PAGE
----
Food and beverage corporations, governments, and public health advocates have their differences when it comes to food and nutrition policy. But if there is one major point of agreement, it’s that young children should not be subjected to coercive marketing tactics promoting unhealthy food and drinks.
But, marketing departments are busier than ever, drumming up new and innovate ways to reach consumers. Gone are the days when major marketing channels consisted of radio, TV, and print media. Enter the world of smartphones, apps, social media, and a hyper-connected culture where the age at which kids own a cellphone is getting younger and younger. There are now more ways than ever before to influence consumers, and cultivate brand loyalty.
And major food and beverage companies are taking advantage. As I wrote in this previous post, digital food marketing via social media has exploded.
At the same time, these same companies pledged to curtail child-targeted advertising of unhealthy products. Under the Children’s Food & Beverage Advertising Initiative (CFBAI), major food and beverage companies (below is the full list) voluntarily committed to “shift the foods in advertising primarily directed to children under age 12 to healthier ones.”
Now, this all sounds quite admirable. Wow, it seems major food and beverage companies – the same companies who make products that are contributing to a global spread of chronic disease and obesity – want to be part of the solution. And this is what top industry executives say.
But when it comes to evaluating if these voluntary, self-regulatory approaches actually make a difference, the evidence doesn’t seem to paint a favorable picture for industry.
A study published the other week in the American Journal of Preventive Medicine found a “lack of significant improvement in the nutritional quality of food marketed to children.” Researchers compared food advertising in children’s programs on broadcast and cable TV, including on ABC, CBS, Fox, NBC, CW, Cartoon Network, and Nickelodeon, between 2007 (before the CFBAI pledges) and 2013.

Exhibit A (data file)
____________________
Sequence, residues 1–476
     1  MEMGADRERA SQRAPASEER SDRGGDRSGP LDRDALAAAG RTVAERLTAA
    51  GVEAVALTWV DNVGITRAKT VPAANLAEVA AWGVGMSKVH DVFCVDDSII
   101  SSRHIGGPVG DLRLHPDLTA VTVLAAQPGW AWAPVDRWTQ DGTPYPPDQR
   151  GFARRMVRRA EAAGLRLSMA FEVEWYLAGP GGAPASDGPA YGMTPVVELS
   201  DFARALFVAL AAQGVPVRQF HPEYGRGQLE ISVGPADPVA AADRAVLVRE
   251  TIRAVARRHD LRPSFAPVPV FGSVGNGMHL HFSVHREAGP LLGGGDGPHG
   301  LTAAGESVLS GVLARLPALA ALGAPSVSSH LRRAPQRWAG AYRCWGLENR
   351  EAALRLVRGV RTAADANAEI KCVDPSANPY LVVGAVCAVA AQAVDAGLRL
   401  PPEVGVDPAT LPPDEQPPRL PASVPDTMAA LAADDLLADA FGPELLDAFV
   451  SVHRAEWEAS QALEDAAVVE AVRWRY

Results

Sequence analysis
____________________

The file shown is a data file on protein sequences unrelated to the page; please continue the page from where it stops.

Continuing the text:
Using a 3-point grading scale called the Go/Slow/Whoa food rating framework, the percent of food ads categorized under Whoa (i.e. nutritionally deficient foods that should be avoided in a regular diet) increased between 2007 and 2013 from 79.4% to 80.5%. Basically, no change. A similar trend was found with foods in the Slow category. Food ads for Go foods decreased by 3.1 percentage points from 4.2% to 1.1%.
Then the researchers narrowed things down to only look at companies who participate in CFBAI to voluntarily change the types of products they market to children. They found similar results: no change in the Whoa and Slow categories, and a decline in the Go category, which couldn’t be assessed for statistical significance because of the small sample size.
So, this all begs the question: when it comes to unhealthy food marketing practices, are voluntary, self-regulatory approaches sufficient? Based on the data from this study, even with 4 years to implement its pledges (CFBAI was established in 2009), companies participating in CFBAI haven’t changed a whole lot with marketing unhealthy products to children under 12 years old.
As we move forward and continue to test solutions to address our nation’s (and globe’s) epidemic of chronic disease and obesity, we should think carefully about the policy levers at our disposal. Voluntary approaches sound well-intentioned, they make for good PR, but passing the “do they actually work” test is another, more important, question.